Getting Started With The Raspberry Pi 3
The Raspberry Pi 3 is the newest version of the popular single board computer by the Raspberry Pi Foundation. The Pi 3 (or Pi 3B) is a huge step up in terms of computing power and is the first version to feature 64bit architecture. In addition to a bunch more computing power this new version of the Raspberry Pi also features built in Bluetooth LE and WiFi. Enough about the board, let’s jump into this Raspberry Pi 3 tutorial!
A Few Considerations:
Before we set up this brand new Raspberry Pi there are a few things to note:
• While the Pi3 has a lot of built in features, there are peripherals that are required.
• The added features have increased the power requirements. We recommend a 2.0A power supply at a minimum – our 5v 2.4A power supply is a great fit.
How It Works:
The Pi3, like all previous versions of the Raspberry Pi, take advantage of many of the electronics found in modern smartphones and other portable electronics. The mass production of these parts combined with the sheer number of Pi being built (Along with many other factors) allow the Raspberry Pi Foundation to build a very low cost single board computer with astonishing performance. Rather than a standard phone operating system; the Pi runs various flavours of Linux. In this tutorial we will be working with Raspbian Jessie which is based off of Debian Linux.
The Parts Needed:
This Raspberry Pi 3 tutorial will be requiring a few parts:
Step 1 – The MicroSD Card
Let’s get this Raspberry Pi 3 up and running! We are going to start by inserting the MicroSD card into the microSD card slot on the bottom of the Pi. We have pre-installed the latest version of Raspbian Jessie on this card in preparation for the tutorial. If you are starting with a blank microSD card you will need to install an operating system on it before starting the Pi. Alternatively, we do offer a prepared microSD card in the shop or you can pick up this version of the Raspberry Pi 3 that has a prepared microSD card included in the box!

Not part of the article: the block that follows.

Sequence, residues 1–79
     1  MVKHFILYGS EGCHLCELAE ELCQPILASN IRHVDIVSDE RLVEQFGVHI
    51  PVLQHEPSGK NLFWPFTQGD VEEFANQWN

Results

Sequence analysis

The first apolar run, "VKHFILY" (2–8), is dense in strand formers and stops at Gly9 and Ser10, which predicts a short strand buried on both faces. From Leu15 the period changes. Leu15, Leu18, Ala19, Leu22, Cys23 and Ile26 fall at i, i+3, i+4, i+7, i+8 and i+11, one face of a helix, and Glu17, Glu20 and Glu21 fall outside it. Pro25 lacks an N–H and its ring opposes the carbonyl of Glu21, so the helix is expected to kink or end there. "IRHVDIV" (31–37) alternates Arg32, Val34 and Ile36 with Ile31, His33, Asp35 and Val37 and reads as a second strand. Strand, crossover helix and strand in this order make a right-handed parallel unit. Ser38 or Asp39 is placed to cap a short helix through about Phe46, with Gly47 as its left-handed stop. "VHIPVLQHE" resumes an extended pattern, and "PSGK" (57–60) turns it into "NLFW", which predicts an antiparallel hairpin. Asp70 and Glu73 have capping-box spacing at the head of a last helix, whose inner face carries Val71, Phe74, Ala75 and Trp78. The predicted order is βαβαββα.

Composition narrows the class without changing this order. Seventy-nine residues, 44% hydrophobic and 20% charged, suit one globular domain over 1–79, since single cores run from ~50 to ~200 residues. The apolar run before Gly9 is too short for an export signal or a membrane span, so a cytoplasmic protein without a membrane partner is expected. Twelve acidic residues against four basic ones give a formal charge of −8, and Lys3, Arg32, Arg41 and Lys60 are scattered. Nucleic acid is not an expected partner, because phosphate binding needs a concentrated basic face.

Step 3 – Monitor
The Raspberry Pi 3 can be used with a variety of different monitors, screens, and televisions. We will be focusing on a screen with standard HDMI input (just like a TV or newer computer monitor). To use this output just plug your HDMI cable into the TV or monitor and the HDMI dongle on the Raspberry Pi.
Alternately the Pi can also be used with:
Step 4 – Power It Up!
Now that everything is connected the Pi, it is ready to be powered up! We used a 2.4A Power Supply but any 2A or greater Raspberry Pi compatible power supply or phone charger with a micro USB output will work.
Once the power is plugged in, the Pi will begin to boot. The small LEDs will light up and the screen should jump to life.
If the LED blinks green: Double check your microSD card is fully inserted. If it is and this problem persists, ensure a compatible version of a Raspberry Pi operating system is installed.
Most issues with the Raspberry Pi do end up being power supply related so be sure to double check your power supply is rated at 2.0A or greater. If you have a separate microUSB cable connecting the power supply to the Raspberry Pi it will need to be capable of transmitting 2.0A with minimal voltage loss. Most low cost (dollar store) microUSB cables use tiny power wires and will not be capable of supplying the Raspberry Pi without significant voltage drop. We stock a microUSB cable that is compatible with the Raspberry Pi 3’s power requirements – check it out here.
Step 8 – All Done!
With overscan disabled, the screen is now fully used! If you have any questions, or need further clarification about this Raspberry Pi 3 Tutorial please post in the comments section below; this way future users of this tutorial can see the questions and answers!
If you have any questions, or need further clarification please post in the comments section below; this way future users of this tutorial can see the questions and answers!